Source: http://feedproxy.google.com/~r/seomoz/~3/QIXo_-0En2M/diagnose-and-solve-javascript-seo-issues

Posted by tomek_rudzki

It’s rather common for companies to build their websites using modern JavaScript frameworks and libraries like React, Angular, or Vue. It’s obvious by now that the web has moved away from plain HTML and has entered the era of JS.

While there is nothing unusual with a business willing to take advantage of the latest technologies, we need to address the stark reality of this trend: Most of the migrations to JavaScript frameworks aren’t being planned with users or organic traffic in mind.

Let’s call it the JavaScript Paradox:

  1. The big brands jump on the JavaScript hype train after hearing all the buzz about JavaScript frameworks creating amazing UXs.
  2. Reality reveals that JavaScript frameworks are really complex.
  3. The big brands completely butcher the migrations to JavaScript. They lose organic traffic and often have to cut corners rather than creating this amazing UX journey for their users (I will mention some examples in this article).

Since there’s no turning back, SEOs need to learn how to deal with JavaScript websites.

But that’s easier said than done because making JavaScript websites successful in search engines is a real challenge both for developers and SEOs.

This article is meant to be a follow-up to my comprehensive Ultimate Guide to JavaScript SEO, and it’s intended to be as easy to follow as possible. So, grab yourself a cup of coffee and let’s have some fun — here are six steps to help you diagnose and solve JavaScript SEO issues.

Step 1: Use the URL inspection tool to see if Google can render your content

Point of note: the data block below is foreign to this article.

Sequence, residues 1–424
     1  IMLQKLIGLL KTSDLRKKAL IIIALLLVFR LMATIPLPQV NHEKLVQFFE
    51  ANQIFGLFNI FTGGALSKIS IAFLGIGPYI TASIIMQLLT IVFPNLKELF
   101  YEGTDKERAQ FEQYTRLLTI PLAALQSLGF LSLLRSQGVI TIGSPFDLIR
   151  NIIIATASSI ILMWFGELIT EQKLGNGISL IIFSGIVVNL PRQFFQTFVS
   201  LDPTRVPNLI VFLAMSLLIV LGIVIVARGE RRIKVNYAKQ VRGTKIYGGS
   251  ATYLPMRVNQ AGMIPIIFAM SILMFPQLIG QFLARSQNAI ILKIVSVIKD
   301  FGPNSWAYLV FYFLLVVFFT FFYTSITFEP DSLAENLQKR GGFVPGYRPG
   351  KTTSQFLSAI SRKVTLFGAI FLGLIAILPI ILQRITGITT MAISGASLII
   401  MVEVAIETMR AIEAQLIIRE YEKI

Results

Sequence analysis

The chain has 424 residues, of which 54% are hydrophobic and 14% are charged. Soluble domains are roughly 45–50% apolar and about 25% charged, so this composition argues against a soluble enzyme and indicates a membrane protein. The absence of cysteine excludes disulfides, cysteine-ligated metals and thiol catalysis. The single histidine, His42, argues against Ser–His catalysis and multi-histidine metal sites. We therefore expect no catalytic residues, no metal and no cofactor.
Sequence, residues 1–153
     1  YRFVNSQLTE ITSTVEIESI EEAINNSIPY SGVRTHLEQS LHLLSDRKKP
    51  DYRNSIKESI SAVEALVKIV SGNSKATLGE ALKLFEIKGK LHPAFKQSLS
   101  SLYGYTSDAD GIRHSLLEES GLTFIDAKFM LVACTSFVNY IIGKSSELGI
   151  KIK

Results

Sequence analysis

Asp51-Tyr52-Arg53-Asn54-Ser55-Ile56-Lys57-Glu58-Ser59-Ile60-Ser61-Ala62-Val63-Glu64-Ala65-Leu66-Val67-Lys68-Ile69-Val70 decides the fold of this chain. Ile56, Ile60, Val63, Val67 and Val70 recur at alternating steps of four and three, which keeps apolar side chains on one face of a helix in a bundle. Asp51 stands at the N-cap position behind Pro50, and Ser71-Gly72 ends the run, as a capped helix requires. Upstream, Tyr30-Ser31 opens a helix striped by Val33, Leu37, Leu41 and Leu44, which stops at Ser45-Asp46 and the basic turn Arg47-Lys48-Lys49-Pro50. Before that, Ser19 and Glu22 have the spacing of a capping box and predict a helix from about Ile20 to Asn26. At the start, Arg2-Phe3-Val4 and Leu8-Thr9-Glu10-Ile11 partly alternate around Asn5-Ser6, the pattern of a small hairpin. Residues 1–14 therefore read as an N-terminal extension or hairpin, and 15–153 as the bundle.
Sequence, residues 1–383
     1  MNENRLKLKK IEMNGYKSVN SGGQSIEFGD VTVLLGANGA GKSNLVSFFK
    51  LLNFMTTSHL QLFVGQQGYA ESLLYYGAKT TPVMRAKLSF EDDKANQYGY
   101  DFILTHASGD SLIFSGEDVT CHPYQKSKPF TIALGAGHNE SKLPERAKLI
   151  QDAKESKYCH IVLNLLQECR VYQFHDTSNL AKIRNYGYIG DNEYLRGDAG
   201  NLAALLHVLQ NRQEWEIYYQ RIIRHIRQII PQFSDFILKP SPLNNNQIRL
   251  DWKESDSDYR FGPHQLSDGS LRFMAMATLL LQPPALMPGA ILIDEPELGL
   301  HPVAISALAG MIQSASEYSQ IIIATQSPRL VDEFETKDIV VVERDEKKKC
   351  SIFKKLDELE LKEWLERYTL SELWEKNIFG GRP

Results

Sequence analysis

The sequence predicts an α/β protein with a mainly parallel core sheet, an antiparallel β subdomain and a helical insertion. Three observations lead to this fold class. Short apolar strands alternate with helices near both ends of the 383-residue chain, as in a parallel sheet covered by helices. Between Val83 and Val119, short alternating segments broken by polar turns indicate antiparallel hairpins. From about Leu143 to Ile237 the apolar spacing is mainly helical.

The URL inspection tool (formerly Google Fetch and Render) is a great free tool that allows you to check if Google can properly render your pages.

The URL inspection tool requires you to have your website connected to Google Search Console. If you don’t have an account yet, check Google’s Help pages.

Open Google Search Console, then click on the URL inspection button.


In the URL form field, type the full URL of a page you want to audit.

Then click on TEST LIVE URL.

Once the test is done, click on VIEW TESTED PAGE.

And finally, click on the Screenshot tab to view the rendered page.

Scroll down the screenshot to make sure your web page is rendered properly. Ask yourself the following questions:

  • Is the main content visible?
  • Can Google see the user-generated comments?
  • Can Google access areas like similar articles and products?
  • Can Google see other crucial elements of your page?

Why does the screenshot look different than what I see in my browser? Here are some possible reasons:

Step 2: Make sure you didn’t block JavaScript files by mistake

If Google cannot render your page properly, you should make sure you didn’t block important JavaScript files for Googlebot in robots.txt

TL;DR: What is robots.txt?

It’s a plain text file that instructs Googlebot or any other search engine bot if they are allowed to request a page/resource.

Fortunately, the URL Inspection tool points out all the resources of a rendered page that are blocked by robots.txt.

But how can you tell if a blocked resource is important from the rendering point of view?